Coll 25/18 'Orders-in-Council: Qatar: Jurisdiction over foreigners in Qatar' [13r] (25/635)
The record is made up of 1 file (314 folios). It was created in 18 Jul 1935-8 Jun 1935. It was written in English. The original is part of the British Library: India Office The department of the British Government to which the Government of India reported between 1858 and 1947. The successor to the Court of Directors. Records and Private Papers.
This transcription is created automatically. It may contain errors.
security under this Article as regards fees ana costs, unless the Court so
directs, but the co-plaintiff person subject to this Order shall be responsible
for all fees and costs.
54. —(1) Every agreement for reference to arbitration between a person
to whom this Order applies on the one hand, and a person not subject to
this Order on the other hand, may, on the application of any party, be
bled for execution in the Office of the Court.
(2) The Court shall thereupon have authority to enforce the agreement
and the award made thereunder and to control and regulate the proceed
ings before and after the award in such manner and on such terms as the
Court may think fit, in concert with the Sheikh or his representative.
55. —(1) Where it is proved that the attendance of a person to whom
this Order applies, to give evidence, or for any other purpose connected
with the administration of justice, is required before a Qatar Tribunal, a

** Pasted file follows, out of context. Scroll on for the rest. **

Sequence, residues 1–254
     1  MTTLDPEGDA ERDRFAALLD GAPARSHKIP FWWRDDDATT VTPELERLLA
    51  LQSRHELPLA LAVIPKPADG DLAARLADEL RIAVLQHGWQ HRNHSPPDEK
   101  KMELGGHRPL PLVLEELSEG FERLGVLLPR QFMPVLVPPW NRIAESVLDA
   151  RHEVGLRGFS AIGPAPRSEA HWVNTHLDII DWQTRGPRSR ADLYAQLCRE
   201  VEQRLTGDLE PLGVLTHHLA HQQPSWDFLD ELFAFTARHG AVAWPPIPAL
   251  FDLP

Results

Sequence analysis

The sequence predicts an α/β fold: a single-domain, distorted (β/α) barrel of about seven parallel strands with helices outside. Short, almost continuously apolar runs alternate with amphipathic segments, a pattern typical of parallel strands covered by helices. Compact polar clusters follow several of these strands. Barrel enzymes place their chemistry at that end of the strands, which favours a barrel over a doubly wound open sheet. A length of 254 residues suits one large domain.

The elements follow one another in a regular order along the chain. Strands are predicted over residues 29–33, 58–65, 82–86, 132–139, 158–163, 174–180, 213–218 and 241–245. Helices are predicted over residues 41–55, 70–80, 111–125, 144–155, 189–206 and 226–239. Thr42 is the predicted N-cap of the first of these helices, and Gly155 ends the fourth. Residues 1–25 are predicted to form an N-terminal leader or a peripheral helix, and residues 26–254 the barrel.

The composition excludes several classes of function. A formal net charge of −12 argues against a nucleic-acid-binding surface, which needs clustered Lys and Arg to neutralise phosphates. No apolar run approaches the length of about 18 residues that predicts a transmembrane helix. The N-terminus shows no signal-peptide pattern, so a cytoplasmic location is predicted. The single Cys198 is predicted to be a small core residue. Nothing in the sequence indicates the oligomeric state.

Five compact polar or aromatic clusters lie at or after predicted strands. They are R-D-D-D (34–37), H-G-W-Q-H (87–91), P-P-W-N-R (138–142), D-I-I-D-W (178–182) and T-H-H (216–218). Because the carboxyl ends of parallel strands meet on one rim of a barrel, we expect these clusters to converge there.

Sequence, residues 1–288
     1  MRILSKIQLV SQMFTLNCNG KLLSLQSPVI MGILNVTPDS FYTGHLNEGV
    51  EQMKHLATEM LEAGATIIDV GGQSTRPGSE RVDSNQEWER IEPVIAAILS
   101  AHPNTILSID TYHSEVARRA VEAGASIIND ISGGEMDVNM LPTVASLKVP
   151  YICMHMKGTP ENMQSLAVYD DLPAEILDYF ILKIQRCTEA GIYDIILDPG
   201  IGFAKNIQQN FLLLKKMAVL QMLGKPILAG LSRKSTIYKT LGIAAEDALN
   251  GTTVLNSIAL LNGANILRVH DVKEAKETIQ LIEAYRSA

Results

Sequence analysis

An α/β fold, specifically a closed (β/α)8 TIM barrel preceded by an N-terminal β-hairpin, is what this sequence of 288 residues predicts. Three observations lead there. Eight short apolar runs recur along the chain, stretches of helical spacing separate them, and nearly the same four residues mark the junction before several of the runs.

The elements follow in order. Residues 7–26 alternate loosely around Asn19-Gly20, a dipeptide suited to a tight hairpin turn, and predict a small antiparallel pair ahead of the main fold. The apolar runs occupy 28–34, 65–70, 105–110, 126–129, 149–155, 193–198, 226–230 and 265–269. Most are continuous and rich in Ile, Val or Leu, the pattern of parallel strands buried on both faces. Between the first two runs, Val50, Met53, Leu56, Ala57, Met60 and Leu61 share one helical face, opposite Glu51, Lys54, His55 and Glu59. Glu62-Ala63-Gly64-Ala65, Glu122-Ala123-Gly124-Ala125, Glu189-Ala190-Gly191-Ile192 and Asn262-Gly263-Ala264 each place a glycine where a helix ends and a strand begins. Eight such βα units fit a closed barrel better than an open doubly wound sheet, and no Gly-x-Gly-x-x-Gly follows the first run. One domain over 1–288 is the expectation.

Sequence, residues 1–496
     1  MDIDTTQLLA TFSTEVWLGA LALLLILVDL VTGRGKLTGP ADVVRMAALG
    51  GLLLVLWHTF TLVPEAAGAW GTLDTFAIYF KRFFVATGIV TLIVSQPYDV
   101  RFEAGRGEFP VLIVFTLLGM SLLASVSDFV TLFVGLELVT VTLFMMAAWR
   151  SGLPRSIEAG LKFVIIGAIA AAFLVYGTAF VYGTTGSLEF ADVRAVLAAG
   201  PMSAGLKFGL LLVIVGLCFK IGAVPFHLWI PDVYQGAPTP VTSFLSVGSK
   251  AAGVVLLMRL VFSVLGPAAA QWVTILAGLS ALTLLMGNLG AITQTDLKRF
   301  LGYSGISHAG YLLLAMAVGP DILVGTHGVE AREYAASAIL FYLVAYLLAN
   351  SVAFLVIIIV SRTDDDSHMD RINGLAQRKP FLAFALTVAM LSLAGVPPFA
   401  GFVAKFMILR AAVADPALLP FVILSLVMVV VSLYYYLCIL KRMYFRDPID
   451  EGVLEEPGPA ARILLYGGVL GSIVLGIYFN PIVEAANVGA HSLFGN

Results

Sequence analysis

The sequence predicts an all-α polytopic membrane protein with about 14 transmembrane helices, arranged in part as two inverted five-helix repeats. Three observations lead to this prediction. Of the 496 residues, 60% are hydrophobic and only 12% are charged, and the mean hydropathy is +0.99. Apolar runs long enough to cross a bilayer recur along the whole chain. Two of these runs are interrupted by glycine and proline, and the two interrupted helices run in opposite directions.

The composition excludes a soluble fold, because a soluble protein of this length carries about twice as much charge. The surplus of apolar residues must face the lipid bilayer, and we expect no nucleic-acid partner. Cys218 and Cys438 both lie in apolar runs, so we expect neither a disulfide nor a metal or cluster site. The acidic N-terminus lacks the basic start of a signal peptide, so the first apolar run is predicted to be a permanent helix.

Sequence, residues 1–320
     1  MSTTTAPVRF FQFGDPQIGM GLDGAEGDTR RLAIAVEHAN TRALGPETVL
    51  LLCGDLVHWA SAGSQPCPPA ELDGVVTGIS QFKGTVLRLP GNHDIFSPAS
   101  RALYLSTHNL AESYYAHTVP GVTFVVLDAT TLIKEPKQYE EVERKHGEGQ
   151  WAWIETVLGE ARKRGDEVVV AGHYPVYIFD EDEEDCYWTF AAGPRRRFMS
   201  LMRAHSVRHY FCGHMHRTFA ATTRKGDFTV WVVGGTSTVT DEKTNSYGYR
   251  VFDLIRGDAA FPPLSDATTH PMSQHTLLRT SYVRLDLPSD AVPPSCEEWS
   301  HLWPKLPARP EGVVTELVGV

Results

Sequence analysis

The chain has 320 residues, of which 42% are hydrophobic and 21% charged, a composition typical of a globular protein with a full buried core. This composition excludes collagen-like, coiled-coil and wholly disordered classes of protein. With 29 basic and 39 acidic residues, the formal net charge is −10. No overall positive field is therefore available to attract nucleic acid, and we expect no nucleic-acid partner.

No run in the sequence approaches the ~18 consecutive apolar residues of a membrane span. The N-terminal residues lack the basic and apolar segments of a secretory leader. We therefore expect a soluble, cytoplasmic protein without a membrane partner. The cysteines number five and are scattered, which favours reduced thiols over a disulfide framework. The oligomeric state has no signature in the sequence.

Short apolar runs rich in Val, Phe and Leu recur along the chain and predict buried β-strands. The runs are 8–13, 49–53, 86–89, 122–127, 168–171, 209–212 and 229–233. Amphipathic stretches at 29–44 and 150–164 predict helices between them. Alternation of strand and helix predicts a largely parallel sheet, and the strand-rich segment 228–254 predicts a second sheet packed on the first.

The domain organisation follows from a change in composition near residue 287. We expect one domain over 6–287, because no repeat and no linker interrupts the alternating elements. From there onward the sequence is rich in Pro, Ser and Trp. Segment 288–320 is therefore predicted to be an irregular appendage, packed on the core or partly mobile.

Court established under this Order may, if it thinks fit, in a case and’in
circumstances in which the Court would require the attendance of that
person before the Court, order that he do attend as required. The order
may be made subject to such conditions as the Court thinks fit.
(2) If the person so ordered to attend, having reasonable notice of the
time and place at which he is required to attend, fails to attend accord
ingly, and does not excuse his failure to the satisfaction of the Court, he
shall, independently of any other liability, be liable to be punished with
imprisonment for a term which may extend to two months, or with a fine
which may extend to 1,000 rupees,' or with both.
56. When a person to whom this Order applies invokes or submits to
the jurisdiction of a Qatar Tribunal, and engages in writing to abide by
the decision of that Tribunal, or to pay any fees or expenses ordered by
• i T ^ ll)una ^ to . k 0 P ai d by him, the Court may, on such evidence as it
thinks fit to require, enforce payment of such fees and expenses in the same
manner as if they were fees payable in a proceeding in the Court, and
shall pay over and account for the same, when levied, to the proper Qatar
authority, as the Court may. direct. The Court may also enforce com
pliance with any judgment given by such Tribunal against such person
by the Court 1 ^ 111161, ^ ^ en *° rCe com Pbance with a judgment given
57. _(1) jf a person to whom this Order applies wilfully gives false
evidence itt a proceeding before a Qatar Tribunal, or in an arbitration
between a person to whom this Ord^r applies, on the one hand, and a
person to whom this Order does not applv, on the other hand, he shall be